- Knowledge of DevOps pipeline and how it works
- Knowing how systems scale - Horizontal scaling and vertical scaling
- Virtualization concepts
- Understanding of different DevOps success metrics like deployment frequency, lead time to change, change failure rate, time to restore services back, etc
- Containerization concepts and tools like Docker
- Container orchestration and tools like Kubernetes
- Software release cycle and management
Continuous integration (CI), as the name itself suggests, focuses on combining the work of individual developers together into a repository or a codebase to streamline the continuous efforts. This can be done several times a day; the primary objective is to enable early detection of integration bugs and also to allow for tighter cohesion and more smoother development collaboration. The goal of CI is to quickly make sure a new code change from a developer is good and suitable for further use in the codebase.
The aim of continuous delivery (CD) is to minimize the friction points that are inherent in the deployment phases. Typically, a team's implementation involves automating each of the steps to build deployments so that a safe code release can be done at any moment in time.
Continuous delivery is the repetitive practice of building, testing, and making delivering improvements to software codebase with the help of automated tools. The key result of the continuous delivery (CD) is the code that is always in a deployable state.
Many people confuse between the two, continuous delivery and continuous deployment, whereas both are different in the DevOps space.
Continuous deployment is a DevOps process in which a much higher degree of automation is involved, where a build/deployment occurs automatically whenever a major change is made to the code. Here, developer code changes are automatically detected and prepared for a release to production instantly.
The problem is, very rarely companies hire freshers to work as DevOps engineers but that being said, there is a huge skills gap in the industry. Firms struggle to hire a good DevOps candidate and they often fail because of the scarcity of talent.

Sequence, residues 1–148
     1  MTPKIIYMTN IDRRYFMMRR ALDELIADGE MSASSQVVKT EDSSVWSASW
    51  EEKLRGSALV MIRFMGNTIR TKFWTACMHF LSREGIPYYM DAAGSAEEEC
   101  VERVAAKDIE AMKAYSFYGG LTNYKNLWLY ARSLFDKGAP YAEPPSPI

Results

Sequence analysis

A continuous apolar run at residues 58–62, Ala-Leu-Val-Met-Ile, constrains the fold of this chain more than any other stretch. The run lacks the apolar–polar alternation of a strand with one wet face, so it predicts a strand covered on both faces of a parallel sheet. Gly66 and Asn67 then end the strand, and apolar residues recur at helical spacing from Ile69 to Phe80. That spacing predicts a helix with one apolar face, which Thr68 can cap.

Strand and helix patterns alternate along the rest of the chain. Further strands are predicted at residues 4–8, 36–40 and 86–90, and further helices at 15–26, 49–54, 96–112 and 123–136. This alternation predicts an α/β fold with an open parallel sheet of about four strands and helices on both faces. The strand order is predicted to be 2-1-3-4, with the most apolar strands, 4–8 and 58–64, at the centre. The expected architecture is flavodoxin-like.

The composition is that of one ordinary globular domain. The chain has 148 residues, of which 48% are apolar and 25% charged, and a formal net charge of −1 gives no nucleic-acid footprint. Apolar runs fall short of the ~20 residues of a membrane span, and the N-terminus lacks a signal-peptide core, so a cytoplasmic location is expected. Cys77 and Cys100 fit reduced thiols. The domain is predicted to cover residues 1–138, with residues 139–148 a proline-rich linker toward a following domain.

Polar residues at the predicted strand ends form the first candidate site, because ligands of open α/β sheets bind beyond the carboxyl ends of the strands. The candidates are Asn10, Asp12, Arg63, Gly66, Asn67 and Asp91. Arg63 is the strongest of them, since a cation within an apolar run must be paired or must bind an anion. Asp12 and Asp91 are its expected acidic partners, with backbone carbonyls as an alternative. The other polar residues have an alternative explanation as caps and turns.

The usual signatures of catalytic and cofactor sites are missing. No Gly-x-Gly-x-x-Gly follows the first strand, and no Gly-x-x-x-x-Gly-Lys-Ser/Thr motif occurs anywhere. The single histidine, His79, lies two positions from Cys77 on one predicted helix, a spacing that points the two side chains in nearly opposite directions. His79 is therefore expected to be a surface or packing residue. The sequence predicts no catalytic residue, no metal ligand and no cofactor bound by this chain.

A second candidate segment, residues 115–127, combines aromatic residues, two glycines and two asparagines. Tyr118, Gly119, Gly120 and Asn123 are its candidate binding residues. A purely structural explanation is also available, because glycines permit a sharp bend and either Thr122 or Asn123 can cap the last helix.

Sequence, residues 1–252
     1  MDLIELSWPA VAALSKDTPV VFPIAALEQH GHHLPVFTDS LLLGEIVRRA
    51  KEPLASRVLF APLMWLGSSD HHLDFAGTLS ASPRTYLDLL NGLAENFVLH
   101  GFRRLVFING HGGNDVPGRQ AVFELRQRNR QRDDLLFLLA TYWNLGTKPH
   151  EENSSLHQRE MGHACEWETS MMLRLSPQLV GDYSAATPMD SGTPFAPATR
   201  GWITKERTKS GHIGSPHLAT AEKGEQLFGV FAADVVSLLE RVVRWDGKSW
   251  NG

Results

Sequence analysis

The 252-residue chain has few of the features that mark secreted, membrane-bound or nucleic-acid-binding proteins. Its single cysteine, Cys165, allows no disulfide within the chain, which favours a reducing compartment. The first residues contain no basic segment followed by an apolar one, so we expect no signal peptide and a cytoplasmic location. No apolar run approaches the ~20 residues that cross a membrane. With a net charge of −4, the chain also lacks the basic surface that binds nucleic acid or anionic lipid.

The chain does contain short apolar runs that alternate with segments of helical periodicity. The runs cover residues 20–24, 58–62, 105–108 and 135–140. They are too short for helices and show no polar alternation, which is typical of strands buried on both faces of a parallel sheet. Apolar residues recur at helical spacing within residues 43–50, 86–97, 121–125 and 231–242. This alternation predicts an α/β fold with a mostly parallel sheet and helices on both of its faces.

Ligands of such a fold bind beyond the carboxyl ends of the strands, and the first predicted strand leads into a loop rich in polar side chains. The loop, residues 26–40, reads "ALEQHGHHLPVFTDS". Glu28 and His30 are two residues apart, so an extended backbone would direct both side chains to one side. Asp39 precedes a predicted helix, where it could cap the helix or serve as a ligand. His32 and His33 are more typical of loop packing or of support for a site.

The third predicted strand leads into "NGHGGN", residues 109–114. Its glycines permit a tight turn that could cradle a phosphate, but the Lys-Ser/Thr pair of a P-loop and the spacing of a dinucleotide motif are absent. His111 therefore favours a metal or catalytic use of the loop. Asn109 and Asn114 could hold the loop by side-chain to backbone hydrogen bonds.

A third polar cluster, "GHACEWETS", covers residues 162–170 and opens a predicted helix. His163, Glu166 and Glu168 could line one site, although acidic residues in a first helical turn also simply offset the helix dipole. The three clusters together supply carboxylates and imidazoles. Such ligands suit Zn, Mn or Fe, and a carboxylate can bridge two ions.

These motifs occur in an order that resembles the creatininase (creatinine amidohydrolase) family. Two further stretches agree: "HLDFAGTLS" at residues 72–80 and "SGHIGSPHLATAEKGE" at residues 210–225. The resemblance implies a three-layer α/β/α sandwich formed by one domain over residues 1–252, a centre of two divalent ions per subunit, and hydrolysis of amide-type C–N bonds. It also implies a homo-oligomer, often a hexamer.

Listing down below some resources and courses you can opt-in to move into DevOps career path,
- Read the book ‘The Pheonix Project’
- Take this free DevOps pre-requisite course
- Watch this video by Rackspace that explains the meaning of DevOps in simple English
- Read these interesting answers on Quora by experts on becoming a good DevOps engineer
- Watch and learn side by side with this Docker for beginners full free course by Mumshad (One of the top Udemy instructors)
- Follow these 100 DevOps influencers on Twitter
- Join Developer community forums like dev.to, Hashnode, Dzone, DevOps subreddit, Stackoverflow, DevOps StackExchange, Changelog, etc
DevOps is taking the center stage and as we have mentioned before, it is becoming the epitome of software development. DevOps engineers are one of the highest-paid professionals in the world and this is the demanding tech job currently around the world. DevOps is a good career path and a proper plan and approach will get you a good job but once you get into it, it is highly recommended to always keep learning since the DevOps space is always evolving and new tools are emerging day by day.
BTW, sometimes it can be difficult to get hired as a DevOps engineer without any prior work experience or knowledge of different tools and automation techniques, we at KodeKloud have come up with a simple idea of helping you gain free DevOps work experience by solving real DevOps problems and challenges, with which you can get hired for DevOps role.